I can only speak for my experience and local dealerships. It seems to me that the overall customer-experience may be traceable to the quality of technicians on the staff. For example, my local Honda dealership is one of the best in the country. They retain and TRAIN everyone to bend over backwards for the customer. It shows.

    It took my local Subaru dealer 4 visits to replace a lightbulb in the dashboard [NOT warantee work]. (they took it apart twice and charged me for an entire replacement electrical board) HOWEVER: In the end, they realized the idiocy of the process, refunded my money and more than made up for my lost time spent coming back 4 times just to replace a $2 bulb. I purchased a new Subie because I know the service-department has integrity.

    On the other hand, the local Dodge dealer tech refused to replace a headlight bulb under warantee because it "started working" when he tapped on it. (that bulb burned out again on the way home!!) For the cost of a headlight bulb, they forever lost my respect and business.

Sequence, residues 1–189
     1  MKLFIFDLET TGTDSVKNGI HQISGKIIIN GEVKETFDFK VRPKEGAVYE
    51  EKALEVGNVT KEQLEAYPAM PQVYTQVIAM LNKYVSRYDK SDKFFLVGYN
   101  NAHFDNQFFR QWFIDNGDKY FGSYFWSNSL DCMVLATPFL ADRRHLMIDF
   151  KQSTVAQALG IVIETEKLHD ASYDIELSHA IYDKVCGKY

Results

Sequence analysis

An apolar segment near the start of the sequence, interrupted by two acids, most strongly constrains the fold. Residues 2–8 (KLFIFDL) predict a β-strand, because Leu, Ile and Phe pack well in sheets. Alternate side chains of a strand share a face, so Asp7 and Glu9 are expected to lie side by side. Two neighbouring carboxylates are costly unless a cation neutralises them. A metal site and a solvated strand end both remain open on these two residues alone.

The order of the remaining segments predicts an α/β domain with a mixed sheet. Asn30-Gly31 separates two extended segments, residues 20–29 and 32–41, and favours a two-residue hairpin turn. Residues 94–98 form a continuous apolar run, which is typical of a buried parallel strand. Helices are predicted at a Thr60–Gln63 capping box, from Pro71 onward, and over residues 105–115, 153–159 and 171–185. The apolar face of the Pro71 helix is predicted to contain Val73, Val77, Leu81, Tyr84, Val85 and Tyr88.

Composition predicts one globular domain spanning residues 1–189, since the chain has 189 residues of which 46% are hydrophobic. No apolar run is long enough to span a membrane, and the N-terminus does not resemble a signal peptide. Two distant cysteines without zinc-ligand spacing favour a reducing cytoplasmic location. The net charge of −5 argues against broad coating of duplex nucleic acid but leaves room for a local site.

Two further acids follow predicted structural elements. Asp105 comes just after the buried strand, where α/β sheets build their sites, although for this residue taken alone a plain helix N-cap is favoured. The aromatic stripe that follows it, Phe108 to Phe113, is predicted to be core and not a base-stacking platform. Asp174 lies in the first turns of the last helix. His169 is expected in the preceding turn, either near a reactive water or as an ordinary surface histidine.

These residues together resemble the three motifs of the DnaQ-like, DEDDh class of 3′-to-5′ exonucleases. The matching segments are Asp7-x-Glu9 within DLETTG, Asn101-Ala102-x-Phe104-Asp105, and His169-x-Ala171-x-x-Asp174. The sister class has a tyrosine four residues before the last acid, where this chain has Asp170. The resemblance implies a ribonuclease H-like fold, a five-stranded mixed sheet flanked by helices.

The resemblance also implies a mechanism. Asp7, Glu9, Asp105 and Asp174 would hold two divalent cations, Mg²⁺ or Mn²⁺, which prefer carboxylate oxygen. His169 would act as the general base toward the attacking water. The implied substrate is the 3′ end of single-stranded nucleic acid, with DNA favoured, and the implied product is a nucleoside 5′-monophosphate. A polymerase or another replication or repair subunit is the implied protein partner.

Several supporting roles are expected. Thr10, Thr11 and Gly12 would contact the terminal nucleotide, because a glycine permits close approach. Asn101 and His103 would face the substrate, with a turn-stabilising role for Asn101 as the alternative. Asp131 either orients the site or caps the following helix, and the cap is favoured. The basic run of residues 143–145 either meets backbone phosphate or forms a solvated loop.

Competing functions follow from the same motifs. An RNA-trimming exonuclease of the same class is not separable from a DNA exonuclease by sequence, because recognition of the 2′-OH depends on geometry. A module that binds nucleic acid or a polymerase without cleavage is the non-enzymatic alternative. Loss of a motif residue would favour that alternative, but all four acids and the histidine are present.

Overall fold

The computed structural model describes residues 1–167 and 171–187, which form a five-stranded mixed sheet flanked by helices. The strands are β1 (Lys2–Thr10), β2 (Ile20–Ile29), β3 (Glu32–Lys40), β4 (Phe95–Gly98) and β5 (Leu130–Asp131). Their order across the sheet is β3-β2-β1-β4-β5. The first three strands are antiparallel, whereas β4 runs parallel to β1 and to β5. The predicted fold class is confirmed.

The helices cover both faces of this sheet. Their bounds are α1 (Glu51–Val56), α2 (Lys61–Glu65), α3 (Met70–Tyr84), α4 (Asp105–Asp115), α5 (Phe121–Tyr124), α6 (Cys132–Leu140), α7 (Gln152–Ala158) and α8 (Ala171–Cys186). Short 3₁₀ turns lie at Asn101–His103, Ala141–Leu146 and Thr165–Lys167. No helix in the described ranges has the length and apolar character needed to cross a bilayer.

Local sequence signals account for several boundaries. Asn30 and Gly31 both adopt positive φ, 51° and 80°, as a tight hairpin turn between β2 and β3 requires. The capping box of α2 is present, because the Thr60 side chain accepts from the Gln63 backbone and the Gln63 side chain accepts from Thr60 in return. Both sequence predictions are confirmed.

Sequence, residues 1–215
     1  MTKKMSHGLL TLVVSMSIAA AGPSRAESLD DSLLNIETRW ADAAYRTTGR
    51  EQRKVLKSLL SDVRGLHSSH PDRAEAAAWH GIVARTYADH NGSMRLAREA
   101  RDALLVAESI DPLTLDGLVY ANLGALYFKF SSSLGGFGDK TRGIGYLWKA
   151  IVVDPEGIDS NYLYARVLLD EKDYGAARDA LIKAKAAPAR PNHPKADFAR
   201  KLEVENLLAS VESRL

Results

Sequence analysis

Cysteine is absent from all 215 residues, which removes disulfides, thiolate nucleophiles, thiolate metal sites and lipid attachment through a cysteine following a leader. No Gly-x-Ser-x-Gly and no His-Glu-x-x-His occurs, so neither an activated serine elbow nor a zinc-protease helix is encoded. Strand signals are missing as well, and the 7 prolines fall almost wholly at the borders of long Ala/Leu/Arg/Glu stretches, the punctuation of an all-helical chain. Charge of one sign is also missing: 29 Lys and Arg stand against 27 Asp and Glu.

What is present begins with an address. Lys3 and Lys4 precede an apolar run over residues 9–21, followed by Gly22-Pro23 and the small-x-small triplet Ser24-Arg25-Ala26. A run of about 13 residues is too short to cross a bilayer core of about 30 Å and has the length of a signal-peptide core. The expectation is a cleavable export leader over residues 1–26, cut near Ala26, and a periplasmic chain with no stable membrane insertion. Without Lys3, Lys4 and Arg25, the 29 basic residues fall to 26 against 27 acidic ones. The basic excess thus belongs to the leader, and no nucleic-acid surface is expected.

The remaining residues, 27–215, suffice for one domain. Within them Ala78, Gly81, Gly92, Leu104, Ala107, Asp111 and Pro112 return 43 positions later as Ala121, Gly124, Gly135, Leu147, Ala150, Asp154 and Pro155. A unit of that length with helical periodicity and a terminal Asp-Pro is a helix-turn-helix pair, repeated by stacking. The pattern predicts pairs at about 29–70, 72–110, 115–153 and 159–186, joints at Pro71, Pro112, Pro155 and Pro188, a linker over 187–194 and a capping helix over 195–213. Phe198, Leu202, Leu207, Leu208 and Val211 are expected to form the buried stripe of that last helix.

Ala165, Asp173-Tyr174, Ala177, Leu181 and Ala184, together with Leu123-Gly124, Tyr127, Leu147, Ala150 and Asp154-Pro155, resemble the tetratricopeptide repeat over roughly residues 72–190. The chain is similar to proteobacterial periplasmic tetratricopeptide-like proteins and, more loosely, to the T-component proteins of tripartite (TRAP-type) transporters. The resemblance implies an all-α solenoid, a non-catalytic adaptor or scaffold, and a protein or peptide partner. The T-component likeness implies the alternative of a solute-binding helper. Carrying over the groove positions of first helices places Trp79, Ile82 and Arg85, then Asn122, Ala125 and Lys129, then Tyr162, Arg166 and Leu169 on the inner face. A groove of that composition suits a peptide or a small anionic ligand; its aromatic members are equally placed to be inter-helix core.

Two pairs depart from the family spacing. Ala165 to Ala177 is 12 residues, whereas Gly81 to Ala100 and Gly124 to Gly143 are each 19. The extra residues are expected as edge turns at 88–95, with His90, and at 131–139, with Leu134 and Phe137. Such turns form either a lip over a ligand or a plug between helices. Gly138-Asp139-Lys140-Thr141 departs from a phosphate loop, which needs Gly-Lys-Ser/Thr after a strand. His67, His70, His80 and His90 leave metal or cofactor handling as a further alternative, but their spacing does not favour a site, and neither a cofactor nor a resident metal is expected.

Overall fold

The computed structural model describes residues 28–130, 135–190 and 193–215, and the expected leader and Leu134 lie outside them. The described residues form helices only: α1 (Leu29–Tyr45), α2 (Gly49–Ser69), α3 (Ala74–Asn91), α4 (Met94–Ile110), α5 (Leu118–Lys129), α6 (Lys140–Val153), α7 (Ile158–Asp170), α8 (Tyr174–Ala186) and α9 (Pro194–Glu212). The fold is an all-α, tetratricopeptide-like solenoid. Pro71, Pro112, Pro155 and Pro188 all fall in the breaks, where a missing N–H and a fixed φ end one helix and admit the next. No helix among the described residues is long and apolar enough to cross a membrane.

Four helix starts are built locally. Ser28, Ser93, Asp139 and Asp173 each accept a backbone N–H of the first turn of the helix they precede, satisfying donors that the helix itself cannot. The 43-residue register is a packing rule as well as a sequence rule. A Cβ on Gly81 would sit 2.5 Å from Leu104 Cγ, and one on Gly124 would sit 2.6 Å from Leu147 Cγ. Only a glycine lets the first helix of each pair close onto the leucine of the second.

Local VW (sales and service) just plain sux. I can tell you many stories about them... but the one that lost a new-car sale was when my wife and I walked into the service department and asked for an ESTIMATE to replace "clockspring". (This is a very straightforward task) The guy behind the counter barely looked at me and mumbled, "We dont do estimates... we have to take it apart first." .... the very next week, I bought a new Subie.

  • shade8shade8 Posts: 3

    Thanks for all the input, there's a lot of food for thought in the reply's (and i also enjoy a spirited discussion!).

  • Mr_ShiftrightMr_Shiftright Sonoma, CaliforniaPosts: 62,462

    Many states have reciprocity agreements regarding sales tax. It's not "double-tax"--you just pay the difference between the two sales taxes. You have to check with your state revenue board.